Malone teaches Marlo to the masses.
Added note: for an amazing bibliography, check out Marlo's Magicpedia entry.
THE OLD SWITCHEROO -- I tend to keep a deck of cards handy at my computer desk, my keyboard resting atop a close-up mat. (That latter bit was a suggestion from Andi Gladwin.) Lately, I keep not one but two decks handy, one red and one blue. Why? So that I can, at an instant, rehearse one of the many deck switches from Ben Earl's Real Deck Switches, a new download from Vanishing Inc. This is a content-rich one hour and 13-minute download in which Ben Earl teaches a bazillion switches, a new one coming at you every few seconds. This shouldn't dissuade: it's easy to follow each new switch because they are all, as Mr. Earl says, linked. Most involve the magician seated at a table, elbows resting on the surface (though they don't have to be), one deck in hand in a dealer grip, the other in a sort of Biddle grip in the other hand. Which is which, that is, which is the cooler, depends on the switch. For virtually every switch, there is its opposite.
Ben Earl explains.
I haven't taken my own attempts out for a spin yet, but all the switches look awesome on the video and would have fooled me. These are quite practical and beg to be performed. If there is a fault, it is that the switches are so deceptive that they could be an effect in themselves. But this is not to be; they are intended to be invisible, moves that never happened. With many variations, there are triple, double, and single cut switches, pick-up switches (the deck begins on the table), in-and-out switches, ribbon spread switches, more cut switches, screen switches (the hands are out of sight), and standing switches. All the switches rely on timing and flow, not difficult sleight of hand, and none require lapping.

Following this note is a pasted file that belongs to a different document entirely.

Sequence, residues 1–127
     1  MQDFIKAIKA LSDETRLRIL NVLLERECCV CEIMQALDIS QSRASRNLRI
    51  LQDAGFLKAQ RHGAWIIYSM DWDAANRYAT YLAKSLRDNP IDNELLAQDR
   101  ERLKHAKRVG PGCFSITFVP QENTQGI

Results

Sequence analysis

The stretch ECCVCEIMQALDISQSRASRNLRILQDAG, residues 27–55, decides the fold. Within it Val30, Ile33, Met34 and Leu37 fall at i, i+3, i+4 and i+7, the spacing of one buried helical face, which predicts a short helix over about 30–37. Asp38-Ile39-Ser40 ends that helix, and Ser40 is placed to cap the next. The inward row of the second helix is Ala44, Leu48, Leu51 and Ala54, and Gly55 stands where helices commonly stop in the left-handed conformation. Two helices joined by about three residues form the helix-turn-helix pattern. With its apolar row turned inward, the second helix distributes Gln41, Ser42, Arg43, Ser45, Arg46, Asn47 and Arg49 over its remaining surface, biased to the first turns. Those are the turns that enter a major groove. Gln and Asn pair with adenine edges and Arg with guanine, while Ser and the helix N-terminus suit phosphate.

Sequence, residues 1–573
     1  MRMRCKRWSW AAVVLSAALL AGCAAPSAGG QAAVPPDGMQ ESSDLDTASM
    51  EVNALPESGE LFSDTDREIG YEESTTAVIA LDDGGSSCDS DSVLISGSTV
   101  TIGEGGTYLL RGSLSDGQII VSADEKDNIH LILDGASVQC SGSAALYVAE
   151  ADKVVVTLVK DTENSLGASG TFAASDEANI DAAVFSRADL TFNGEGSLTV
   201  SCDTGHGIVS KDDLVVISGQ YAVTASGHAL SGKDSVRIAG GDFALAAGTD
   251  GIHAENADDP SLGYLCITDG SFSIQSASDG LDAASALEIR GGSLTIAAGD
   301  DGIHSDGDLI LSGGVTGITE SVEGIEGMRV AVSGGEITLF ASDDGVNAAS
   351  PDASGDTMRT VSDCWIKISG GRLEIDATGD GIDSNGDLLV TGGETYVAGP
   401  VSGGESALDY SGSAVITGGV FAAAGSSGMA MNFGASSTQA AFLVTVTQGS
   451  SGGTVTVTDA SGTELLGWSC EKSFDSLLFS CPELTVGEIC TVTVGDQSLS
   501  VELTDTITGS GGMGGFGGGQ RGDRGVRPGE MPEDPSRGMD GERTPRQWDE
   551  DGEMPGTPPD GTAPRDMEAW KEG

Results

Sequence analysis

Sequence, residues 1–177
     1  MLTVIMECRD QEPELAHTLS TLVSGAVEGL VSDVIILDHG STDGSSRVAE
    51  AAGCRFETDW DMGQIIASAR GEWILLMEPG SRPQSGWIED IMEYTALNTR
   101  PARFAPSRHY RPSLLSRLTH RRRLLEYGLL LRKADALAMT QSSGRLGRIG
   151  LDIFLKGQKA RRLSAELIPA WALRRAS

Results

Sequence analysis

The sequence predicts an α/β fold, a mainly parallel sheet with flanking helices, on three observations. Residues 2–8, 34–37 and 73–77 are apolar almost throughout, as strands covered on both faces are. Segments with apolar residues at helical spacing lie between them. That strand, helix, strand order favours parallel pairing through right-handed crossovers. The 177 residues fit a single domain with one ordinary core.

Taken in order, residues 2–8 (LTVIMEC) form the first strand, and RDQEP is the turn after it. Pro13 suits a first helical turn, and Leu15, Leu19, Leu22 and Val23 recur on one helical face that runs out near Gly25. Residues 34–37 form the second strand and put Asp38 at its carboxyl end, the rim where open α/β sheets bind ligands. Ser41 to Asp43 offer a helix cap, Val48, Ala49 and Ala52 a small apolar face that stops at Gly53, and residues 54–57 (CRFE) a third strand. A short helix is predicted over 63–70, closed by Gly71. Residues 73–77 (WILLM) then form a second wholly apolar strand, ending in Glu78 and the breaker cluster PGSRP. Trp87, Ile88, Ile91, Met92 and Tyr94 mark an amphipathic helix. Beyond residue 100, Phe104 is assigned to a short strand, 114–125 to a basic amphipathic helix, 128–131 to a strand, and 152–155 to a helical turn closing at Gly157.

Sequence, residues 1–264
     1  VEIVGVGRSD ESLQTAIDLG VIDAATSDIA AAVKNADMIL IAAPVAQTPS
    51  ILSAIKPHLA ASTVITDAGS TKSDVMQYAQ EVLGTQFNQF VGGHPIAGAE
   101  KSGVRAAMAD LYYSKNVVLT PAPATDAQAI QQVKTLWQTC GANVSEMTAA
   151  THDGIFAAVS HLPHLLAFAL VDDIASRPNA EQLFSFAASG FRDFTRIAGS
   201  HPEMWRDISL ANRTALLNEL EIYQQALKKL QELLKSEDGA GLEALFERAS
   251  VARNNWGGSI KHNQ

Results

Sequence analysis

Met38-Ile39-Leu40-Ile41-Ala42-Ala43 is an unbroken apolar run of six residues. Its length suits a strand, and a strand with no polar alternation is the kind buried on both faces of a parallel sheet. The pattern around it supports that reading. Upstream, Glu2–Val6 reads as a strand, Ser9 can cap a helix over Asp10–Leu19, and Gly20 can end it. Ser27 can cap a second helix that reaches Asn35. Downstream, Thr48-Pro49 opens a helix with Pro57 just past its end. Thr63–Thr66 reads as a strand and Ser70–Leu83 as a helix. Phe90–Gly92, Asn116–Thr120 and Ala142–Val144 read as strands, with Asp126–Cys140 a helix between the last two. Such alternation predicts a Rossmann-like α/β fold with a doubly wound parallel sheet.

OK, the ad says 25 switches, not a bazillion, but it seemed like more because there is zero dead time. Beautifully shot in Las Vegas, available from vanishing Inc. as a DVD or as a download for $35.
Added note. Deck switches, invisible unless botched, are something the average magician or gambler rarely sees. My prior exposure to them was a Youtube video of some old fellow named Doc, still online here. Fun to watch.
A BONKERS AND BLOODY BRILLIANT EXISTENTIAL MYSTERY -- That heading comes from slashfilm.com's review of the film version of Andy Nyman's and Jeremy Dyson's 2010 stage show, Ghost Stories. The film's imminent general release (April 6 in the UK) is getting a lot of attention, including the cover of the March/April Rue Morgue. That issue features an interview with Nyman and Dyson, who let us in on the transition from stage to screen. I've not been privileged to yet see either, so we can only anticipate from the media coverage. Andy Nyman, longtime Derren Brown collaborator and veteran actor, reprises his stage role as Professor Philip Goodman, a television debunker of phony psychics. But will his three tales change his and the audience's minds? We are to experience trouble in an abandoned mental hospital, a teenager driving in the woods, terror in a banker's home nursery. And is there more going on than three classic ghost stories?